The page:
Speaking of shopping… in one locale, the cops are patrolling mall parking lots and yellow-tagging vehicles that have merchandise visible on seats or floors — “in other words, vehicles that are easy targets for thieves.”

Now that’s Planet Georgia logic for you: find easy targets and make them that much easier to spot! All in the name of fighting crime, of course.

Merry Christmas, Family Man!

“Sheriff’s Office.”

“Hey. Listen, my neighbor, Family Man, is hiding drugs in his woodpile?”

“Oh. Is that so?”

“Yeah. One of the logs is hollowed-out inside; he’s keeping the stuff in that.”

20 minutes later, the entire Sheriff’s department descends on Family Man’s house. They go through the entire woodpile, chopping each one open. After over an hour, they split the last log, find no drugs, and drive off disgruntled.

Our hero, who has been watching the entire operation, watches them drive away, then picks up the phone. “Hi, it’s Family Man. Thanks again for letting me use your phone!”

Merry Christmas, FM! Unfortunately, this only works once.

Friday, December 07, 2007 4 comments

3-Day Weekend

The company Christmas party is tomorrow, and Mrs. Fetched & I came up with a wonderful idea: I take Monday as a floating holiday and we get a hotel for a 3-day weekend getaway — maybe do a little Christmas shopping since we would be in the thick of things. So she prodded me until I hopped onto Hotels.com and found something reasonably-priced and near the club where the company is throwing the party. The community chorale was presenting a large portion of “Messiah” this weekend, so we told them we’d videotape it Friday night before disappearing. Since the venue (the new middle school) is on the way home from work, I planned to just go straight there after work, meet up with Mrs. Fetched, then do our thing.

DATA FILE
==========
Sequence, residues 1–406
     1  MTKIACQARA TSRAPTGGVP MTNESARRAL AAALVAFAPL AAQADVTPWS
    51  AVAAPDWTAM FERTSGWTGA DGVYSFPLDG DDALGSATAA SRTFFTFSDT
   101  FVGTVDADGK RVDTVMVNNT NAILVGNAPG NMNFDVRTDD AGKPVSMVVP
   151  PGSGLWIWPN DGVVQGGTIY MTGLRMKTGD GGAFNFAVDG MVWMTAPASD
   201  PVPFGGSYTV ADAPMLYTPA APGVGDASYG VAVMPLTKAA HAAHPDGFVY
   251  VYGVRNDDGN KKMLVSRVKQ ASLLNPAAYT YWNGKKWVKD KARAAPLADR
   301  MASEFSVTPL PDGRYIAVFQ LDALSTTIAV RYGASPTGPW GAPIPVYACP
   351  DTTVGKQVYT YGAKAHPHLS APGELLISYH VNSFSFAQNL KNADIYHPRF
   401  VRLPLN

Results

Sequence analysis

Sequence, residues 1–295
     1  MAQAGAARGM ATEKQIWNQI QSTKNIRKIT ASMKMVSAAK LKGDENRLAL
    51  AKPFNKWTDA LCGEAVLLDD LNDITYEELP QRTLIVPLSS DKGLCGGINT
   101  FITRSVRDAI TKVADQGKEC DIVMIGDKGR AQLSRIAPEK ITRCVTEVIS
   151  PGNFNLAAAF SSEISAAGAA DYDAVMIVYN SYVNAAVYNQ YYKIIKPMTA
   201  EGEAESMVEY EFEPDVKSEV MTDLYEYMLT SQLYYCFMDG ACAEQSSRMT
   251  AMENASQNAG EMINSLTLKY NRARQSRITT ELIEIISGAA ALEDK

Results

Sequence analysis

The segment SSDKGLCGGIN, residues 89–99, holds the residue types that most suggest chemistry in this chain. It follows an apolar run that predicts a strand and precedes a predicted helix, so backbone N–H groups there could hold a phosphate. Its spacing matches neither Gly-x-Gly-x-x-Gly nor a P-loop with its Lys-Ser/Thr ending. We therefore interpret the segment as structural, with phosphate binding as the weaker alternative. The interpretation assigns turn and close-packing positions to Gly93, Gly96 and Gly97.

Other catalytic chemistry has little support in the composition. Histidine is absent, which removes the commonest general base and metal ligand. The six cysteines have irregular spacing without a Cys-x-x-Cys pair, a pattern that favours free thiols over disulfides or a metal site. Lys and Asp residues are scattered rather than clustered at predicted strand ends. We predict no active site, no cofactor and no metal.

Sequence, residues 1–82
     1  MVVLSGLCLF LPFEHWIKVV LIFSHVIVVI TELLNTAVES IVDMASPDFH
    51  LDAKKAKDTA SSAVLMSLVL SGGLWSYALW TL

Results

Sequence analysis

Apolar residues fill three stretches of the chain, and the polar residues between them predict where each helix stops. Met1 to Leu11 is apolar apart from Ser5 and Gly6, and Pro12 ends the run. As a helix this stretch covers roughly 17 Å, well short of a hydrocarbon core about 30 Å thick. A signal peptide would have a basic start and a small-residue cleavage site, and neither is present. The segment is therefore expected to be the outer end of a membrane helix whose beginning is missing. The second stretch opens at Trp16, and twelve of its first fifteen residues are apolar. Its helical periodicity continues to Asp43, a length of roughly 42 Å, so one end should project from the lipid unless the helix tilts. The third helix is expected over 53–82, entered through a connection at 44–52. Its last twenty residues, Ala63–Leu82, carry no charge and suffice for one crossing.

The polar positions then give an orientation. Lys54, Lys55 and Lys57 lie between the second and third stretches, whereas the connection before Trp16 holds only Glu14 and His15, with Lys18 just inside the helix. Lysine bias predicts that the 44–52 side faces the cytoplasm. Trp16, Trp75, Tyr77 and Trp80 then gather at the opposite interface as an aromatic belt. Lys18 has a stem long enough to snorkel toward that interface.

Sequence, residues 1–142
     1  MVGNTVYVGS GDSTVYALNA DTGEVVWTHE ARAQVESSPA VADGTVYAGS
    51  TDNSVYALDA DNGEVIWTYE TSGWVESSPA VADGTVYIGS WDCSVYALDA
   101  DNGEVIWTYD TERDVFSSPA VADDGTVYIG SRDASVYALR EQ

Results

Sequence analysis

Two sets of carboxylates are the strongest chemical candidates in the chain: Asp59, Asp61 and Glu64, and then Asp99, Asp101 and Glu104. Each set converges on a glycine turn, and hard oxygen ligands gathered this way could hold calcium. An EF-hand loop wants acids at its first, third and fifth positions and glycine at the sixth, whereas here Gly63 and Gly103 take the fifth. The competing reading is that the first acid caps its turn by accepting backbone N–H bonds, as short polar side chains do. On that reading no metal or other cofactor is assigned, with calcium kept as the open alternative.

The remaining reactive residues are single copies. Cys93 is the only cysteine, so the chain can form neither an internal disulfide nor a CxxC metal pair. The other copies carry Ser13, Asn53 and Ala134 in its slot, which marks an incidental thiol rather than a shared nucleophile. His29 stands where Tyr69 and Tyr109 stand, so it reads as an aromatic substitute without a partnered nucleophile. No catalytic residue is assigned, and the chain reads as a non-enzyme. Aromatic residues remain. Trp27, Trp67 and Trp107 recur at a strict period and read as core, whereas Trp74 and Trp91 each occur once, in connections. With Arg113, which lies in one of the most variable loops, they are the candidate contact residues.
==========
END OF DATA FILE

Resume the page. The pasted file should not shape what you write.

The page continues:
So this afternoon, Mrs. Fetched called. “You need to leave work early and come home. I’ve got the flu, so I won’t be able to help — you’ll have to do both cameras. Sorry.” Oh, maaaaan.

So I bailed out and came home. Mrs. Fetched was in bed (and still is), barf bucket next to the bed but thankfully unused. She had prepped the cameras: batteries charged, tapes in the bags; all I had to do was huck them in the car, remember the tripods, and get moving. The taping went as well as can be expected; I recruited a friend to start the B-roll camera and just leave it while I worked the primary. Everyone stood up, as tradition expects, for “Hallelujah Chorus” — which blocked my view, but I couldn’t help that. That, and one person walking right in front of the lens, were the only hassles all evening. Well, that and forgetting we’re out of powdered Powerade, so I went back into town and got some. (Last time I had the flu, I sipped lots of Powerade and I recovered pretty quickly. Stay hydrated.)

But if Mrs. Fetched doesn’t get better in a hurry, we’ll be canning the getaway and probably the party. I guess I shouldn’t plan a two-week getaway; no telling what she’d come down with.

Wednesday, December 05, 2007 6 comments

Oh, Shoot

Beth’s post about tattoos reminded me of something that happened a while back. It was 1983 or so. I had moved to Planet Georgia, but hadn’t met the (at the time) future Mrs. Fetched. I pal’ed around a lot with a guy named Terry, who lived in the same apartment complex I did and had met through a co-worker.

I’d always wanted a decent camera, and Terry was a photographer (who went pro in later years) — and so one fine summer Saturday afternoon, we went to the Wolf Camera in Atlanta and picked me out a Fujica 35mm SLR, a decent camera but not a budget buster. Naturally, we had to go break it in, so we decided to go down to Piedmont Park and photograph some… er, wildlife. (I learned later that the Atlanta Botanical Gardens were also in the park, oh well.)

We were wandering around the park, no destination in mind but enjoying the nice day. As we approached the bathhouses, we heard someone bellow, “HEY! ARE YOU GUYS PHOTOGRAPHERS?” We turned around to find, excuse me, three females that perfectly defined the stereotypical “biker chick” — stringy hair, clothes that hadn’t seen much time in the laundry, boots, unrefined manners… the works.